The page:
2. The duration reads “00” during the last 59 seconds of a session.

Update to my Free Guide to using the foc.us headset

I’ll be adding these instructions and more to my free guide in the next few days. I’d appreciate any input you have as the objective is to help headset users get the most from the product. The button to download the free guide is on the right side of my main blog page.

Not in the Box: The SpeakWisdom Guide to Using the foc.us tDCS Headset

If you own or plan to buy a foc.us tDCS headset, you may be interested in the guide to using the headset that I have posted.  The guide is an excellent walk-through of basic use and setup of this excellent product.  Whether your interested in improving memory, learning, performance on games, or relief from depression or chronic pain, tDCS may be right for you.  The foc.us headset provides a very capable, affordable way to give tDCS a try.

IMG_4665

See the link on the right side of the main page of www.speakwisdom.com for your FREE copy of the guide.

I invite your comments and suggestions on the guide.

Enjoy!

Brent

Thoughts on the Use of tDCS in Education Settings

Why the Interest in tDCS?

Research studies and anecdotal evidence show that tDCS, a simple and safe way to stimulate the brain, does have the ability to enhance memory, speed learning, improve physical skill, and enhance creativity.  There are now well over 1,000 published studies of tDCS with more underway and research participation of institutions ranging from Harvard Medical, MIT, Emory University, to the University of Alabama and dozens more.


(tDCS headset. http://www.foc.us)

Already, high-school and college students are catching on to just what tDCS may do for them.  There are many YouTube and blog posts from and by students discussing their experience with tDCS and others asking for help in setting up and using a tDCS device.  Some indicate substantial improvement in their performance with tDCS. As tDCS devices become more accessible and word of it continues to spread through popular press and internet resources (NYT, Nature, Scientific American and many others have already published tDCS articles), educators can eventually expect to be confronted with some significant ethical and policy questions.

While it’s difficult to pin-down an exact percentage improvement students see in their work, (more studies are required), students use words like “significant”, “substantial”, and “surprising” in their comments. As time goes on, not only will more students demand access to tDCS, it is likely that parents, seeking greater success for their children, will encourage its use.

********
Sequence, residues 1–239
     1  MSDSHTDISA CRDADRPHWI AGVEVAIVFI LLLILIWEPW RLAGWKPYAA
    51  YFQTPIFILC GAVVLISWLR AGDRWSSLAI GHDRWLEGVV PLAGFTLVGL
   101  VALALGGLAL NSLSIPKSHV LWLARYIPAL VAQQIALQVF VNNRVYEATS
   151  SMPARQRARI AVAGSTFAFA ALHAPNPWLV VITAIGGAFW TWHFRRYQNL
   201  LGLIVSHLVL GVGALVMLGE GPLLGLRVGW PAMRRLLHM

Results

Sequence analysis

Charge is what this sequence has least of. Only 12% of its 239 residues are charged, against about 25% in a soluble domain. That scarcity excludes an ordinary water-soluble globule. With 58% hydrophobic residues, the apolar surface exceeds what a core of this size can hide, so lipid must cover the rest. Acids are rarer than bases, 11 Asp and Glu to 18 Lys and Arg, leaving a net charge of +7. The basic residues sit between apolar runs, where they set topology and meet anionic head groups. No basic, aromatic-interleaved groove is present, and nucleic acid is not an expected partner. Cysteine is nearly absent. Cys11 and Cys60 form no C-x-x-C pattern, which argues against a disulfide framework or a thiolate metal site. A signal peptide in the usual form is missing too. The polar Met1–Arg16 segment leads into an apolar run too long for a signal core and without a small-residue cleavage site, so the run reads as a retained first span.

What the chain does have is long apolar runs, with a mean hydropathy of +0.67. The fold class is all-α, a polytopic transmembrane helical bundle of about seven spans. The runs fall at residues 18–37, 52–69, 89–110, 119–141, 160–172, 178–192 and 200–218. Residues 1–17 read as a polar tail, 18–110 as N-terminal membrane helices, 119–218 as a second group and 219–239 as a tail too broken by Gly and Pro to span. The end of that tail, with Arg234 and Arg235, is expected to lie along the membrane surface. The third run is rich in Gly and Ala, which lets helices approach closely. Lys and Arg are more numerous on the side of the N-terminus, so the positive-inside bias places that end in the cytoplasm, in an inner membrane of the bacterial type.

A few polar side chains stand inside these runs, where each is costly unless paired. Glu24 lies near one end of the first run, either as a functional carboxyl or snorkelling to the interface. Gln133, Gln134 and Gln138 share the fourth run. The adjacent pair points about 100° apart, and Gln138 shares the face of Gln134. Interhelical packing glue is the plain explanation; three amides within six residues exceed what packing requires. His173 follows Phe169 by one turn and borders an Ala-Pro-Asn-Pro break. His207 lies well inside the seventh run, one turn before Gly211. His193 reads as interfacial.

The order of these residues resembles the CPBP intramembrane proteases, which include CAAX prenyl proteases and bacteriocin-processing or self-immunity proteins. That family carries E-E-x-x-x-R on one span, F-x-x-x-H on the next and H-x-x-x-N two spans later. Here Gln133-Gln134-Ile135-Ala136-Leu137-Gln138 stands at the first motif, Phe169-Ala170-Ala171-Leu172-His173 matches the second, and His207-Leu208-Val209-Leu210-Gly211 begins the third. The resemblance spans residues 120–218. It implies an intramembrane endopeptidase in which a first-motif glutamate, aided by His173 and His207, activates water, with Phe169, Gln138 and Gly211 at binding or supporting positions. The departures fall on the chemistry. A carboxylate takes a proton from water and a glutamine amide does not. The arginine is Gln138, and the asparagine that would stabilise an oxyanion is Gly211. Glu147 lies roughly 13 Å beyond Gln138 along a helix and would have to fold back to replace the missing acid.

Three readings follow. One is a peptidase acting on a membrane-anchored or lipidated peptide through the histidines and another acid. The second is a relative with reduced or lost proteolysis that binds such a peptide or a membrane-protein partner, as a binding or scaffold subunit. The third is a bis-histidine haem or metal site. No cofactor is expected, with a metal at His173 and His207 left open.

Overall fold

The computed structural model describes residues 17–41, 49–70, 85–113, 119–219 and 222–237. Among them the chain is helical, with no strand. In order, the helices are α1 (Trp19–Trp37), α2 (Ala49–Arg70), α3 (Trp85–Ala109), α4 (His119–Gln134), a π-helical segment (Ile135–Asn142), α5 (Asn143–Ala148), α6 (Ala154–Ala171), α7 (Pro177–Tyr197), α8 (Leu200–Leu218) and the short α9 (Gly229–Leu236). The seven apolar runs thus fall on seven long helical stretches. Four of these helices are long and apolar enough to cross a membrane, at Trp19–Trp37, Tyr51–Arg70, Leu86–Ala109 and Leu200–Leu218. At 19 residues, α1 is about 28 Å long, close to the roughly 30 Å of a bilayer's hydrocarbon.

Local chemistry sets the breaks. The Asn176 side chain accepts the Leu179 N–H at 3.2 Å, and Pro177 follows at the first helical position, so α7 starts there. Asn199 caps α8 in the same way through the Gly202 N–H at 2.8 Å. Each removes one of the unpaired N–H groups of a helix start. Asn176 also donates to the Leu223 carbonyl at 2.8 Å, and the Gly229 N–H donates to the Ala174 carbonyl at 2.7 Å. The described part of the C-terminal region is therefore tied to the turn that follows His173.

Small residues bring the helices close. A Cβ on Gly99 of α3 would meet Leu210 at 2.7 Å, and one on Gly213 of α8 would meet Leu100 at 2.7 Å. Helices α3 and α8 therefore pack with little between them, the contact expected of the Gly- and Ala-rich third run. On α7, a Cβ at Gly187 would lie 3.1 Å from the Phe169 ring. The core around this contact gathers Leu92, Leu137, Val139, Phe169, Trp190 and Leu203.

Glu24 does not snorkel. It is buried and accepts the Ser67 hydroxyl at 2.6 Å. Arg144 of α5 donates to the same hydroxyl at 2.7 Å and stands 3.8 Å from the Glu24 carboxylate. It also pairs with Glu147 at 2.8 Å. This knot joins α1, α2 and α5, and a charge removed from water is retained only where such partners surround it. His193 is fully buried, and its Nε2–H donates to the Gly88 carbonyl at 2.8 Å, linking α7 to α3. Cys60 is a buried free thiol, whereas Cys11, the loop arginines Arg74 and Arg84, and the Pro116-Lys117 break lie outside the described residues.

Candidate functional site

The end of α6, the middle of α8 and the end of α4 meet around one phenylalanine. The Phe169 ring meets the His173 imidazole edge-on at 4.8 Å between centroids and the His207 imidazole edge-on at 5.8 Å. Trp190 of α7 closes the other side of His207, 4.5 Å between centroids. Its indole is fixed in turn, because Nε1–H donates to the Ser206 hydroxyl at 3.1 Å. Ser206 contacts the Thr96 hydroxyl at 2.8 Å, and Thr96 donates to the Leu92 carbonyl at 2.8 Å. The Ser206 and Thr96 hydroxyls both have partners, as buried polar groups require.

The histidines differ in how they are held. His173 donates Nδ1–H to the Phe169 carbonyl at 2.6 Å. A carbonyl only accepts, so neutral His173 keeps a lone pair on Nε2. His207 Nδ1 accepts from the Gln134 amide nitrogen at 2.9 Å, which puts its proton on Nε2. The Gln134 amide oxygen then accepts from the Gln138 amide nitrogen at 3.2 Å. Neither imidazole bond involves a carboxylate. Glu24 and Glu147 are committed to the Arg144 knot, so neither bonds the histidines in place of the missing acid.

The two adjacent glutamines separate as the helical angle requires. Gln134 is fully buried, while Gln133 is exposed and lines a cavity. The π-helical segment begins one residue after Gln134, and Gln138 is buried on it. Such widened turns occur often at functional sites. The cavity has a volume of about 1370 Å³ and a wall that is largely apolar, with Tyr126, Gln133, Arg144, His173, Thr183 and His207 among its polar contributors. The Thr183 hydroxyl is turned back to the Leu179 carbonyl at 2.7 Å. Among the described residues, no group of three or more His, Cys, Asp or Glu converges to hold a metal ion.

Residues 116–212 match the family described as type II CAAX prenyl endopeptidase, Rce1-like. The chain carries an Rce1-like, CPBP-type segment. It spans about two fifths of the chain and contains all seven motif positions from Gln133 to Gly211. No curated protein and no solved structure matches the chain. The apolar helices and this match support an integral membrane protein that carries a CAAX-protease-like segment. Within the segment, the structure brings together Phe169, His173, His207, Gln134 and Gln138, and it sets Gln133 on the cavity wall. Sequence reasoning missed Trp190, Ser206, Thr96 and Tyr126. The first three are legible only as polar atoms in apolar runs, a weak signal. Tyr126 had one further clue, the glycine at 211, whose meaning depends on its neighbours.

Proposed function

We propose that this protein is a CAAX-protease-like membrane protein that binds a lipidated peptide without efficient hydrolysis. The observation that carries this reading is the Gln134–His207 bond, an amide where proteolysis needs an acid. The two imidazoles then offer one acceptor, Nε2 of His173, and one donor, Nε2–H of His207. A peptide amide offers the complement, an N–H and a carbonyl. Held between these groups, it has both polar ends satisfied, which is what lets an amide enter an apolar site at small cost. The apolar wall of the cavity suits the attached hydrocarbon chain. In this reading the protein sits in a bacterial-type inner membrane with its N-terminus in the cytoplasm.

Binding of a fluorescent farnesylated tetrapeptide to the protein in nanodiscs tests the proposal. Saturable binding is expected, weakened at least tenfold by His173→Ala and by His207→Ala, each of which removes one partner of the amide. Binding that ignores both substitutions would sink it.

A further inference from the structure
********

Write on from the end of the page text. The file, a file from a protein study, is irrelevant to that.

How Might tDCS Be Used by Students

  • During study for tests – including high-stakes (SAT, etc.)
  • Learning lists of material (names, dates, places, events, etc.)
  • Learning new languages (spoken and written)
  • Improving athletic skill
  • Enhancing creativity in writing, art, film production, etc.
  • To reduce or eliminate depression (a common problem in student populations)

Ethical Issues

Educators must face the reality that certain students will “brain boost” using tDCS and by doing so, improve their classroom performance as well as on assorted tests that are common in education settings. Even “high-stakes” test outcome could be positively influenced for students making proper use of tDCS. Student athletes may use tDCS to improve their performance on the tennis court or football field.

  • If a student using tDCS for study can perform 10% better on an SAT test than an equally talented student who does not possess a tDCS device, is there a fairness or ethical issue?
  • If a student has a learning disability and through the use of tDCS is able to perform at “non-disability” levels, is there a fairness or ethical issue?
  • Will we now enter a new era of “haves and have not’s” in K-12 and higher-education learning?
  • Will students from middle-class and above families, able to afford a device and related training, take advantage of it while lower income, less advantaged students will go without?

If tDCS, well used, can improve test scores, is that not ultimately going to be very significant in the lives of some students?


(George Mason University)

Policy Questions

If tDCS is going to play some role in the lives of K-12 and higher ed students in the coming years, then perhaps it’s time to begin creating policy to address tDCS – including:

  1. Will tDCS use be permitted (even though it will be impossible to regulate home use)?